Summary: In the Scripture one's name is more than simply something you call someone, it is a reflection of their person--their character. By knowing the names of God, we can understand him better, and therefore, more fully worship and pray to him.
Names of God
As we are seeking to know God more, one of the greatest ways to know God is by the names given in Scripture. In the ancient Hebrew culture, a name meant so much more than just what you called somebody, it reflected a person’s character. Satan means “opposer” or “adversary”; Devil means “accuser” or “slanderer.” This tells us a lot about Satan’s role as he opposes God and man and seeks to accuse both. We also see Jacob in the Bible meant “heel grabber” or “trickster,” and he lived out his name as he tricked his brother and stole his birthright and also tricked his uncle Laban and took his lambs. Names are a reflection of character in the Bible.
Wayne Grudem said this about God’s names: “The many names of God in the Scripture provide additional revelation of His character. These are not mere titles assigned by people but, for the most part, His own descriptions of Himself. As such they reveal aspects of His character.”
Ryrie adds: “In a broad sense, then, God’s “name” is equal to all that the Bible and creation tell us about God. When we pray, “Hallowed be your name” as part of the Lord’s Prayer (Matt. 6:9), we are praying that people would speak about God in a way that is honoring to him and that accurately reflects his character.”
The names of God give Christians tremendous comfort because they reveal aspects of his nature and character. Proverbs 18:10 says this: “The name of the LORD is a strong tower; the righteous run to it and are safe.” The person who understands God’s names will better understand his character, and therefore, have a tremendous source of strength and protection while enduring the trials of life.
Therefore, in this lesson, we will look at a few of the names of God. First, we will look at Old Testament names and then New Testament names.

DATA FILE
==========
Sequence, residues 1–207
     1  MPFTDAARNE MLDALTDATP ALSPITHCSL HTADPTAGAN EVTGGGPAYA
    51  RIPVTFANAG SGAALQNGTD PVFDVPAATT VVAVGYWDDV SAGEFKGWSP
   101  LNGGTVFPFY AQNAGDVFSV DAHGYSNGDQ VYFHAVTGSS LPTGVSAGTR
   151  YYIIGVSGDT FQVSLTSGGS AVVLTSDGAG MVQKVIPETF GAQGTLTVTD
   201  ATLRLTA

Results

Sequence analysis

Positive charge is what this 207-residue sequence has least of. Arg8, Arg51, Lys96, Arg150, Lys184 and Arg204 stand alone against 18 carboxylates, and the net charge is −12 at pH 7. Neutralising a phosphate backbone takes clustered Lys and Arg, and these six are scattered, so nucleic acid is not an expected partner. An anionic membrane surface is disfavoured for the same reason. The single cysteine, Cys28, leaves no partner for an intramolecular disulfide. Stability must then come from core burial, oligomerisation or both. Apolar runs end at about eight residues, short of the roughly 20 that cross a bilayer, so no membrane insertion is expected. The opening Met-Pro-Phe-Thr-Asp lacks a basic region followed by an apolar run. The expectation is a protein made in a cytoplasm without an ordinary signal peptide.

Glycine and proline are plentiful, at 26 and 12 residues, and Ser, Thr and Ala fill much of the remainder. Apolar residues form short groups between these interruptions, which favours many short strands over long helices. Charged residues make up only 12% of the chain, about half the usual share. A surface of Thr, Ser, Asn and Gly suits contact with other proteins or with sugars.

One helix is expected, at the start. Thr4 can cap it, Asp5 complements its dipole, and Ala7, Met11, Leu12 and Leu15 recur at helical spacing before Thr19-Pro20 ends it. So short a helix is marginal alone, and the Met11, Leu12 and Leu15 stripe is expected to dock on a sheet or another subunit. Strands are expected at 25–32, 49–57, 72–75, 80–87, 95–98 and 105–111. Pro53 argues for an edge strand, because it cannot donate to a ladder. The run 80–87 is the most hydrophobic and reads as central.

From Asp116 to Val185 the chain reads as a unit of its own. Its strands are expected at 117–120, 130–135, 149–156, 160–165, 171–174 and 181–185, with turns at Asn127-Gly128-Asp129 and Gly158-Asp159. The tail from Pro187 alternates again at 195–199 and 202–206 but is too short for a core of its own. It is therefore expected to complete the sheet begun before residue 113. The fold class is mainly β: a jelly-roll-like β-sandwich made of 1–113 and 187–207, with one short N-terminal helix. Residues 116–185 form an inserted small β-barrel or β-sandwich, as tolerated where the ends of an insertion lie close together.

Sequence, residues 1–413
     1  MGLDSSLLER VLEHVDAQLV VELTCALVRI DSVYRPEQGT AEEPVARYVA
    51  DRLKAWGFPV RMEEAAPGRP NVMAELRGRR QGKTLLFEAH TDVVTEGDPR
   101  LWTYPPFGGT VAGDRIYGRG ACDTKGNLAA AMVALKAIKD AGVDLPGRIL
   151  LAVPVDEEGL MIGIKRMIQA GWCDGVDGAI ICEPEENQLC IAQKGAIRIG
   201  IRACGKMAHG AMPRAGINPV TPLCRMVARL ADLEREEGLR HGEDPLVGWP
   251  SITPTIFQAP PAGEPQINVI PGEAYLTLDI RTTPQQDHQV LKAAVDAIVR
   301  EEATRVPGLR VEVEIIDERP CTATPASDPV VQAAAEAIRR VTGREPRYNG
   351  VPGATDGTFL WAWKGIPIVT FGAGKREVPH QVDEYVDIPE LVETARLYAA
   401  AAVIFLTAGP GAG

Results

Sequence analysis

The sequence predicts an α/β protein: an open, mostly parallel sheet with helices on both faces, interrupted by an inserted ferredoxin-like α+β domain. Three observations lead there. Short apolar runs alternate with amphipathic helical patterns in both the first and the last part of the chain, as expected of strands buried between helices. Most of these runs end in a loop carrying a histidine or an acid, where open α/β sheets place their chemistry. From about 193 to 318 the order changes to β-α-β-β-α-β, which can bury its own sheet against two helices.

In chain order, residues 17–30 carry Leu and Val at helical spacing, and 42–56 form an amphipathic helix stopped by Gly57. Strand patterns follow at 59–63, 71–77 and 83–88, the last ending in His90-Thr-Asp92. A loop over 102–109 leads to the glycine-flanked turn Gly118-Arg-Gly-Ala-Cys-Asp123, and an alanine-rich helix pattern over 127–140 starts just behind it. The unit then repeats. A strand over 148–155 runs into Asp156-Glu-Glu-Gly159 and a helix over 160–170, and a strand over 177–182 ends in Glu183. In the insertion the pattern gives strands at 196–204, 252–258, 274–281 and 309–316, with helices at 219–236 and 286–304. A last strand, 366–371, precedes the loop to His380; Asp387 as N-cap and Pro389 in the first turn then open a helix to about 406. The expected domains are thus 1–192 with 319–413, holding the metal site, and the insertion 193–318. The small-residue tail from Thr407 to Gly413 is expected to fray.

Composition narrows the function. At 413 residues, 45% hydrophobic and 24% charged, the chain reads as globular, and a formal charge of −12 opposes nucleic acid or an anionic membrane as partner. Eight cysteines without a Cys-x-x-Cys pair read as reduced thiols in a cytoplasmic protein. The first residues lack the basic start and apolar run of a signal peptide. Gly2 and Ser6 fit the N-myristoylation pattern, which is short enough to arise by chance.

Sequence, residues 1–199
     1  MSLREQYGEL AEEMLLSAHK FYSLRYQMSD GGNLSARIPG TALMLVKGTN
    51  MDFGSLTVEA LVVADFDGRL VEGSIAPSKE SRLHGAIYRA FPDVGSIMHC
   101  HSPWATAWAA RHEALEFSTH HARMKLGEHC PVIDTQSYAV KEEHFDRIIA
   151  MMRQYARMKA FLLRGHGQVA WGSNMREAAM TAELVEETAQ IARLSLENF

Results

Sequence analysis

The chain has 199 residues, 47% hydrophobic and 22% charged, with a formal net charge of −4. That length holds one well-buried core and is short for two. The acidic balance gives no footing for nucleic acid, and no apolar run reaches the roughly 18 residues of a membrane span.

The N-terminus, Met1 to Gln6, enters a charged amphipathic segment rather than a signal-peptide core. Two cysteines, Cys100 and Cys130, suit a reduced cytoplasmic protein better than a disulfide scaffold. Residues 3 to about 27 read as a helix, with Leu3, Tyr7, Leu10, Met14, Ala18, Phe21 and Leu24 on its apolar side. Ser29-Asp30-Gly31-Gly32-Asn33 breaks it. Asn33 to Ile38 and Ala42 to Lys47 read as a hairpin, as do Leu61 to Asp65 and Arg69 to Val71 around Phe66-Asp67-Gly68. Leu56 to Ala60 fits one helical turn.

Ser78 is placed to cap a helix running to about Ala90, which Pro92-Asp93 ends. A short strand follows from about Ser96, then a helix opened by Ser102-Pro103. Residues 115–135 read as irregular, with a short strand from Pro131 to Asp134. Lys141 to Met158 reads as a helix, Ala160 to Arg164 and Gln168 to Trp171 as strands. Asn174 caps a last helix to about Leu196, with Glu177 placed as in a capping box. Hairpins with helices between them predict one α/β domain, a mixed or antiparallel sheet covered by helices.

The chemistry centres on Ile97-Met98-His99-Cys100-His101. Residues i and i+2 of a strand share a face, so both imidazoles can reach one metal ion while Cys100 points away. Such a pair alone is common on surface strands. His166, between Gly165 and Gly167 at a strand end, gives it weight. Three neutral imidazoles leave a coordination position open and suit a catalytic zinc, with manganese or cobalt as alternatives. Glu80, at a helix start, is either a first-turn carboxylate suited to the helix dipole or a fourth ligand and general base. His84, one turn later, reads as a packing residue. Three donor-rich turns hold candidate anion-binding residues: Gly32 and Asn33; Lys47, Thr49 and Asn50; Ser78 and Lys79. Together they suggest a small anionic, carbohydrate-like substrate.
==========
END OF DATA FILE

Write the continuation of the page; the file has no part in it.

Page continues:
Old Testament Names
Yahweh is the most frequently used name of God in the Old Testament, and it is commonly translated as LORD, with all capitals. Mark Driscoll said this about the name:
In the Old Testament the most sacred name for God is Yahweh. Yahweh is a distinctly proper name for the God of the Bible. Because it is sacred, it is never used to refer to any pagan gods; neither is it used in regard to any human. It is reserved solely for the one true God alone. The name Yahweh appears some 6,823 times in the Old Testament, as he is the focus and hero of the Scriptures.
Yahweh is the personal and intimate name that God gave to Israel when he made a covenant with them to be their God as he delivered them from Egypt.
It was also the name used by Eve (Gen 4:1), Noah (Gen 9:26), and Abraham (Gen 12:6). Look at Genesis 4:1: “Adam lay with his wife Eve, and she became pregnant and gave birth to Cain. She said, “With the help of the LORD I have brought forth a man” (emphasis mine).
But it was with Moses and Israel that it took on a greater significance. When Moses was told to set Israel free, he asked God what name should he call him by and God replies by saying, “I AM.”
“God said to Moses, “I AM WHO I AM. This is what you are to say to the Israelites: ‘I AM has sent me to you’” (Exodus 3:14).
This name was considered so sacred to Israel that they would never pronounce the name. It was too holy. Instead, they used the name “Adonai,”—Lord—instead when reading the name Yahweh. In fact, eventually the vowels of Adonai were combined with YWHY to make the artificial name “Jehovah,” which became the spoken way of saying Yahweh for the Jews.
What does Yahweh mean?
1. The name Yahweh means that God is eternal.
John 8:58 says: “You are not yet fifty years old,” the Jews said to him, “and you have seen Abraham! “I tell you the truth,” Jesus answered, “before Abraham was born, I am!” (emphasis mine).
Jesus used the name to refer to his preexistence, his eternality. Yahweh means God has always existed.
2. The name Yahweh means God is unchangeable.
God’s name is “I Am.” It is not “I Was” or “I Will Be” because God does not change. We can put our full trust in God because he is the same yesterday, today, and forever. He does not change. He is “I Am.”
3. The name Yahweh represents a covenant relationship.
Yahweh is forever attached with God’s covenant with Israel. Therefore, it demonstrates God’s intimacy and that he is a personal God. Yahweh, also, has a personal relationship with us and he will never leave nor forsake us. Look at what Paul says in Romans 8:38–39: